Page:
KEVIN BONE was a professor of architecture at the Cooper Union from 1985 through 2018, teaching design, building technology and sustainability. During his time at Cooper he worked to integrate issues of environment into the curriculum and was the founding director of the Cooper Union Institute for Sustainable Design. Bone has published on architecture, infrastructure, energy and landscape. Those publications include Lessons From Modernism, Environmental Design Considerations in Architecture, 1925-1970; The New York Waterfront, Evolution of the Port and Harbor; and Water-Works, the Architecture and Engineering of the New York City Water Supply. Bone is also a principal at Bone/Levine Architects. The practice works in architectural design, technical consulting and historic preservation. Bone is now working with the Wright-Ingraham Institute to develop small scale, experimental, educational initiatives.
MARCIE DEMMY BIDWELL serves as Executive Director and landscape ecologist for Mountain Studies Institute. She has a Master of Landscape Architecture degree from University of Washington with a specialty in learning landscapes and community restoration. Marcie considers herself a hybrid designer-scientist working to infuse community collaborations with design thinking. She has eighteen years of leadership experience in natural resource management, climate adaptation, environmental science, and program development to achieve watershed health and environmental justice. Throughout her diverse professional experience, Marcie has worked with scientists and citizens to manage, design, and facilitate community-based projects for the restoration and management of public and private lands. Marcie is adept at integrating scientific findings into educational programs, natural resource management and decision making.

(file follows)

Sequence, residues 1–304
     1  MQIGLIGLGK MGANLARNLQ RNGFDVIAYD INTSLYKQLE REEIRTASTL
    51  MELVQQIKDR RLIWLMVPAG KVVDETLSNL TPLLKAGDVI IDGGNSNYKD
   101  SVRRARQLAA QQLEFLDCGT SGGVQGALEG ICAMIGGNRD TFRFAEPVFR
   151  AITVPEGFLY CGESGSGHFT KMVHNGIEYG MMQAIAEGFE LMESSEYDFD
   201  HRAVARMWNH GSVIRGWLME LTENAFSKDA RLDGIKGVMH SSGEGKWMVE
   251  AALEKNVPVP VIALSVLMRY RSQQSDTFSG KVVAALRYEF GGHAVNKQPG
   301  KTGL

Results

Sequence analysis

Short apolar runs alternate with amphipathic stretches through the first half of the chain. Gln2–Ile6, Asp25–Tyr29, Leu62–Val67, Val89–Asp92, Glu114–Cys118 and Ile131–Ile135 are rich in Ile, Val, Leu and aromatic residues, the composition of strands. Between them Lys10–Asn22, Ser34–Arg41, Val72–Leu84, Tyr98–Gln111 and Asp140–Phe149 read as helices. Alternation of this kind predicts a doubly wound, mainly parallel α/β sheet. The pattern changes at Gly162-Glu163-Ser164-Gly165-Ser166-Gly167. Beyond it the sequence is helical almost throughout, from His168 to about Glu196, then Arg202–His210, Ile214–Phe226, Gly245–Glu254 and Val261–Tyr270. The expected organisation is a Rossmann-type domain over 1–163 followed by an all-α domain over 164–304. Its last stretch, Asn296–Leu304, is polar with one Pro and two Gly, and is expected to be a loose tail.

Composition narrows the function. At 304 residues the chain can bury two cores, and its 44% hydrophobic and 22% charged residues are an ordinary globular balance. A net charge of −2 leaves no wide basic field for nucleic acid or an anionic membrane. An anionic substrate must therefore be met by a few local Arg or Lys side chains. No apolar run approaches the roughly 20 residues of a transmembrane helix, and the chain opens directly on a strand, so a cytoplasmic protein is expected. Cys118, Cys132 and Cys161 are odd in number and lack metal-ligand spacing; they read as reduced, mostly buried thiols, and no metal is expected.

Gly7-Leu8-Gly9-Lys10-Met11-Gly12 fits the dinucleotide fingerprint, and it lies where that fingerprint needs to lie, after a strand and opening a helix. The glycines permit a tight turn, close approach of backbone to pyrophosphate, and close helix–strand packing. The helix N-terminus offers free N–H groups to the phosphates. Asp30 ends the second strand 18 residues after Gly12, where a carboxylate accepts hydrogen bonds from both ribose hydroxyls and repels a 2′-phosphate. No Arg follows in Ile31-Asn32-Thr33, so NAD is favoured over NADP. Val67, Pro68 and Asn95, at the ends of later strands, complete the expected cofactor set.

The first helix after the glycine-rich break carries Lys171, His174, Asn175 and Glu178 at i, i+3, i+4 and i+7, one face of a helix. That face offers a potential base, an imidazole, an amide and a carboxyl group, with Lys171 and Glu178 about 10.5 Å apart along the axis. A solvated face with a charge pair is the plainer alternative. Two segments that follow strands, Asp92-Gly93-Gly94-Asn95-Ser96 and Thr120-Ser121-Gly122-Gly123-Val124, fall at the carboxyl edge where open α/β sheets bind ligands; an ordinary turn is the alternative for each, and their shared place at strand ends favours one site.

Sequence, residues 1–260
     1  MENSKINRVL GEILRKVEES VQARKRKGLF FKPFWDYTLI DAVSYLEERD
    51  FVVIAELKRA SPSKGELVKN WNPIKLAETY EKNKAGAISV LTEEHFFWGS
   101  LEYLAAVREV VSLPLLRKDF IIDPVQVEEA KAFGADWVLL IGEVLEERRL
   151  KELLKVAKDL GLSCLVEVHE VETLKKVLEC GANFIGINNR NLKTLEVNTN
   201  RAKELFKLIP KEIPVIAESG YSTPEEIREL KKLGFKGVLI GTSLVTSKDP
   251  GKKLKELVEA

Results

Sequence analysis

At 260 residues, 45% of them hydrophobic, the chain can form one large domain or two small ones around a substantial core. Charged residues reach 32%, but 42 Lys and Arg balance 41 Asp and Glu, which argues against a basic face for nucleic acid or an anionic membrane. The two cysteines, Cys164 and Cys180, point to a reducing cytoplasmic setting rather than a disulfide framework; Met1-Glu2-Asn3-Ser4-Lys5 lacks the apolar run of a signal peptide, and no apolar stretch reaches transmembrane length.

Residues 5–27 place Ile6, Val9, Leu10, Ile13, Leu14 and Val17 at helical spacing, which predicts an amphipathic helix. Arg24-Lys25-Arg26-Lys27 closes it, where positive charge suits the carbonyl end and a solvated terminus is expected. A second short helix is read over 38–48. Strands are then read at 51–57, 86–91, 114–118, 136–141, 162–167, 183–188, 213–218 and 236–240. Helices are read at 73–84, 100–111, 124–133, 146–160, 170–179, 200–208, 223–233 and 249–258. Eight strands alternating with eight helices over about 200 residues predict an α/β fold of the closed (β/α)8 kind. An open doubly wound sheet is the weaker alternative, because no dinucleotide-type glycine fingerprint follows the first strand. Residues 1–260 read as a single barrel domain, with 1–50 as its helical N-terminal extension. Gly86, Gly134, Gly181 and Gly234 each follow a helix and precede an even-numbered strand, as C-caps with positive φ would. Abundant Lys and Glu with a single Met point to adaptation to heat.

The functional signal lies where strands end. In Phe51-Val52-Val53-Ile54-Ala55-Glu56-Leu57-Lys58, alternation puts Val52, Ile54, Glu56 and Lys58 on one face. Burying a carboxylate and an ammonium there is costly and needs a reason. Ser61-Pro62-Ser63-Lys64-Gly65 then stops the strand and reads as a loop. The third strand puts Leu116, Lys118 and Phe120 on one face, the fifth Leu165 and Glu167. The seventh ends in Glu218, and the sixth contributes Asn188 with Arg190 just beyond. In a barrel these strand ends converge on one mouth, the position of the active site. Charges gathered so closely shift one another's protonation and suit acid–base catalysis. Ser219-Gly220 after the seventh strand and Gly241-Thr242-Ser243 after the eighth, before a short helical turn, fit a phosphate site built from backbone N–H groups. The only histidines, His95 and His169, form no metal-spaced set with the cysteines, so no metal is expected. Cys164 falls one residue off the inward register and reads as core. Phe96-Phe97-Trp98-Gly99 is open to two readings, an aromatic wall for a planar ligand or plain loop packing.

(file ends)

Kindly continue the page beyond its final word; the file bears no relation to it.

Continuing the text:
KIRK GORDON is a landscape architect and graphic designer with a background in plant biology and zoology. His work focuses on the relationships between ecological wisdom and new technologies in imagining resilient futures. Kirk received his Master of Landscape Architecture degree from the University of Virginia and currently works as a landscape designer at SCAPE Landscape Architecture in New York City. Kirk is an alumnus of the 2019 Field Stations workshop in Colombia.
ARIELLE MILKMAN is a qualitative social science researcher and writer. She is a graduate student in anthropology at the University of Colorado at Boulder. Her research interests include migration, work and the social dimensions of environmental remediation. Arielle is trained in audiovisual and community-based research methods and has taught science writing to students at the University of Colorado, Boulder. She is an alumna of the 2019 Field Stations workshop in Colombia.
EMMA PODIETZ recently graduated with a Masters in Landscape Architecture from the University of Maryland. Her research and professional interests include the integration of ecological science and landscape architecture. Her masters thesis focused on the application of ecological succession theory to the long-term design and management of urban parks and forests. Before earning her MLA, she studied art, environmental studies, Latin American studies, and Geographic Information Systems and worked in the bicycle industry for several years.
LILY RAPHAEL is a community planner currently living in Vancouver, on the unceded territories of the Sḵwx̱wú7mesh (Squamish), Səl̓ílwətaʔ/Selilwitulh (Tsleil-Waututh) and xʷməθkʷəy̓əm (Musqueam) peoples. She has worked on a variety of sustainable development initiatives within rural, Indigenous and urban communities in Ecuador, the U.S. and British Columbia. Her work is rooted in community engagement and action research. Lily’s research interests include biocultural conservation, community-driven land stewardship, collective memory and placemaking, and systems transformation at the individual, organizational and community level. Currently, she works in Simon Fraser University’s Community Economic Development program, focusing on economic reconciliation and resilience planning. Lily holds a Masters in Community and Regional Planning from University of British Columbia and is an alumna of the 2019 Field Stations workshop in Colombia.